Hello, it’s Dee here, and thank you for taking part (or at least taking an interest) in the final Elizabeth Taylor Centenary read. This month I hope to not only talk about Blaming, but also provide opportunities for us to look back at the Taylor novels we’ve read over 2012.
Blaming was Taylor’s final novel, written while she was terminally ill and published after her death. So perhaps it’s not surprising that the mood is often a sombre one. The themes, of bereavement and self-blame, are prominent. I will talk about these themes later in the month but not quite yet, if only to avoid spoilers. If you haven’t started Blaming yet, please do not be put off by the heavy sound of all that. The usual Taylor humour is still there too.
This month, I’ll start with an aspect of Blaming that struck me early on: how Taylor’s world has changed. Her early novels seem firmly rooted in the mid twentieth century. Characters do not always agree with contemporary norms, (Julia, for example, in At Mrs Lippincote’s, fumes about patronising attitudes towards women in the military) but they do understand them. As time moves on, many of Taylor’s characters have become confused and uncomfortable with shiny new 1960s, and then 1970s, Britain. Cressy in The Wedding Group (published in 1968) loves television and Wimpy burgers but is generally perceived as being weak and superficial for this. Moving onto 1971, in Mrs Palfrey at the Claremont, Ludo’s girlfriend Rosie makes an incongruous figure with her miniskirts and bleached hair.
In Blaming, the moving on of time has become not only uncomfortable but actually painful for the central character, Amy. Newly bereaved (I think it’s safe to say that as it happens very early on), Amy finds herself in a world very different to the one she once knew and feels rather redundant in it. She is very much the product of a world depicted in earlier Taylor novels, a middle-class English woman with values based around duty, good manners and keeping up appearances. She has dedicated her life to her husband and son.
Attending a typical 1970s party, hosted by her son and daughter-in-law, Amy notices the flowered shirts worn by men, the exotic foods (taramasalata and boeuf stroganov) and the odd practise of drinking home-brewed wine, or home-made wine as she refers to it. Blaming is quite a sparely written novel and when a detail is described or fixed on, it often indicates that it has been noted as unusual or irritating by Amy.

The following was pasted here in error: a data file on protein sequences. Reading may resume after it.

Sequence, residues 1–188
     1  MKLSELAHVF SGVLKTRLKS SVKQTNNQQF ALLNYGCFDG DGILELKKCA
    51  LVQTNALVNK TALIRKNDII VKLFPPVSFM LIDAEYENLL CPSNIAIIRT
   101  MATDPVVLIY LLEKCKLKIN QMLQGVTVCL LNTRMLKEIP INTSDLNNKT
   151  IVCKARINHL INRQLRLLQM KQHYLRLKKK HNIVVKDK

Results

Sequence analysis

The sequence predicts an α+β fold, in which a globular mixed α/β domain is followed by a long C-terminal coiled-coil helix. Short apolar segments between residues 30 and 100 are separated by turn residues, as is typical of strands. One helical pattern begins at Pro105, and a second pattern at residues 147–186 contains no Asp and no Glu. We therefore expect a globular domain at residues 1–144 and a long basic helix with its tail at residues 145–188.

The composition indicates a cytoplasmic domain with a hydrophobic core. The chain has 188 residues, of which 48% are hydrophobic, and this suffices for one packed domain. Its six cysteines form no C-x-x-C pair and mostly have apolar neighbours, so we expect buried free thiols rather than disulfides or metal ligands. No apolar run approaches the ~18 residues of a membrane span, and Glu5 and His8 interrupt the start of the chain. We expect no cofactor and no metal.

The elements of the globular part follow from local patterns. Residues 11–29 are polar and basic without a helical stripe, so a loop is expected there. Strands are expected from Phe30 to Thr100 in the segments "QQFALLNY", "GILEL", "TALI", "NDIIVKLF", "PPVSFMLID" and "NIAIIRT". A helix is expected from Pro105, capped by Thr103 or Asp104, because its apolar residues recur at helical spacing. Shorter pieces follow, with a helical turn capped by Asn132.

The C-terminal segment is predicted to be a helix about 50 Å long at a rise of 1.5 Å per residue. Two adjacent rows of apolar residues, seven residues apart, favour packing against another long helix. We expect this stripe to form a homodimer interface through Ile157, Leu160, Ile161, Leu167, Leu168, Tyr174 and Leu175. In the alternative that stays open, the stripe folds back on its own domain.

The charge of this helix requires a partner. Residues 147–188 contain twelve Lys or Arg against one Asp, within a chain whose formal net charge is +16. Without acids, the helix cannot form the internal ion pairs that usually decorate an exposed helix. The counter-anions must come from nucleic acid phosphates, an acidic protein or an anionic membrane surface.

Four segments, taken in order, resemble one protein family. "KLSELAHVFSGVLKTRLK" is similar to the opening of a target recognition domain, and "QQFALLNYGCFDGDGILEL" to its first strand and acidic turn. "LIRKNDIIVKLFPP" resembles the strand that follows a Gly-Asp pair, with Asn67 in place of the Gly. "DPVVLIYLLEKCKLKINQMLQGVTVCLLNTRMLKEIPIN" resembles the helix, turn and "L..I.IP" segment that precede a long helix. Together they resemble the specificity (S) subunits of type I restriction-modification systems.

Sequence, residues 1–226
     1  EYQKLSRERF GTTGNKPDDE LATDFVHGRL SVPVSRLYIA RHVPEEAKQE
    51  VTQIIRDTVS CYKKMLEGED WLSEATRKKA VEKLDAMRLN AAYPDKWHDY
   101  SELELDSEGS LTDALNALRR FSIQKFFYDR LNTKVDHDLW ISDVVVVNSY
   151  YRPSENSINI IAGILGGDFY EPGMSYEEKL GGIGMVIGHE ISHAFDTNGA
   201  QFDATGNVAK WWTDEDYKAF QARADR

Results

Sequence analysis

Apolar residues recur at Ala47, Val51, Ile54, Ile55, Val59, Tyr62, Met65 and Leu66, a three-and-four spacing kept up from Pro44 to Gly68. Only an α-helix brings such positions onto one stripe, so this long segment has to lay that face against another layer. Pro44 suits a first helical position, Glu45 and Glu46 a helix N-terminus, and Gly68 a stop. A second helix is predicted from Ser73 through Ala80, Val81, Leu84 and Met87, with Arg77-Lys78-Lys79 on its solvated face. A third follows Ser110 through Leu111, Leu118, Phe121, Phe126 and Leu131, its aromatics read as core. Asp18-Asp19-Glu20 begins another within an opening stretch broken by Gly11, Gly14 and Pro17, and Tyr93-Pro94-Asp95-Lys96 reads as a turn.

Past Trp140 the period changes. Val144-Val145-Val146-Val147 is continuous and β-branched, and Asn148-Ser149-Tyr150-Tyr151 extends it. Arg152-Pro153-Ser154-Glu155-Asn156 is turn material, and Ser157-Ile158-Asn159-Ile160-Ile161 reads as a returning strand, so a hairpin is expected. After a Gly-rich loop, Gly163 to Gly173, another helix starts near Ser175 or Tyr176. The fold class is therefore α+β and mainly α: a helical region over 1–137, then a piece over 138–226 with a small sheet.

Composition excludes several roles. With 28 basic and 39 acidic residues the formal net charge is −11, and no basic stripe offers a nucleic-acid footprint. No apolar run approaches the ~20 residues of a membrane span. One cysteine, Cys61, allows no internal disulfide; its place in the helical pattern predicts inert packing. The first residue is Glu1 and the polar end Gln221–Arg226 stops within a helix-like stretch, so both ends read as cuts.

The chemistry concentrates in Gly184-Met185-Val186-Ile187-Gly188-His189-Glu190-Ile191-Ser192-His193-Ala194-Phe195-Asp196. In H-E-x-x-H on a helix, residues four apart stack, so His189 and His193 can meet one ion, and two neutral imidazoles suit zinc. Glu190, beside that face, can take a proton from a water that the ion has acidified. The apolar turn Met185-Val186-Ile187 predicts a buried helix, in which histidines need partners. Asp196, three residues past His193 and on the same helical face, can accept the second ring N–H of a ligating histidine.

The women at the party (described as “youngish”) seem to be living full lives that would have been unlikely in Taylor’s early books but emancipation has come too late for Amy.
Being married, having children, going to work, was not enough for them. They also put in hours at family-planning clinics, sat on benches, fought pollution, visited prisons or were marriage-guidance counsellors. Amy, who had never done anything, but look after Nick and one child, and was now herself looked after, felt old stirrings of inadequacy.
An alternately sad and comic figure, Ernie Pounce has a foot in both worlds. He is willing to take on the role as man-servant to Amy and agrees with her on the oddness of “home-made wine” and the superiority of home-made apple pie to shop bought. At other times he brings home stories of the strange new world, for example, he talks of eating cheeseburgers with a lady wrestler!
If you’ve read any of Blaming at all, it’s probably become clear that the odd friendship between Amy and Martha has a significant role in the book. The relationship is mostly seen through Amy’s eyes. Amy never really seems to want or particularly welcome the friendship but doesn’t reject it either. Martha appears to be another representation of the new, youthful and alien. She is much younger than Amy and American, so part of an age and culture that Amy sees as different to her own. Amy also perceives Martha as being wasteful and untidy. These qualities are an affront to two of her basic values and she can’t seem to transcend this.
The differences between the two characters are highlighted early on in the book. When Martha identifies her favourite of the Onyx eggs bought on holiday, Amy thinks they are the worst. When Martha starts to talk about sex with her boyfriend, Amy asks if she would like more pudding! On the rare occasions that we see things through Martha’s eyes, it is still the differences that are emphasized. Taylor cleverly illustrates the distances between her characters, accentuating differences and the gaps they create or that the characters allow them to create.
Another thing about the English, Martha noted; they close up, they suddenly want to go home; or for you to. She thought they must be the fastest givers-up in the world, remembered wars, but dismissed that kind of tenacity as coming from having no choice.
Have you started Blaming yet, and if so what do you think? Does it feel different from Taylor’s other novels or is it the same Elizabeth Taylor we’ve grown to love over the past year? And what do you make of that odd friendship between Amy and Martha?
Next Week: Looking back at Elizabeth Taylor’s Centenary Year and a giveaway.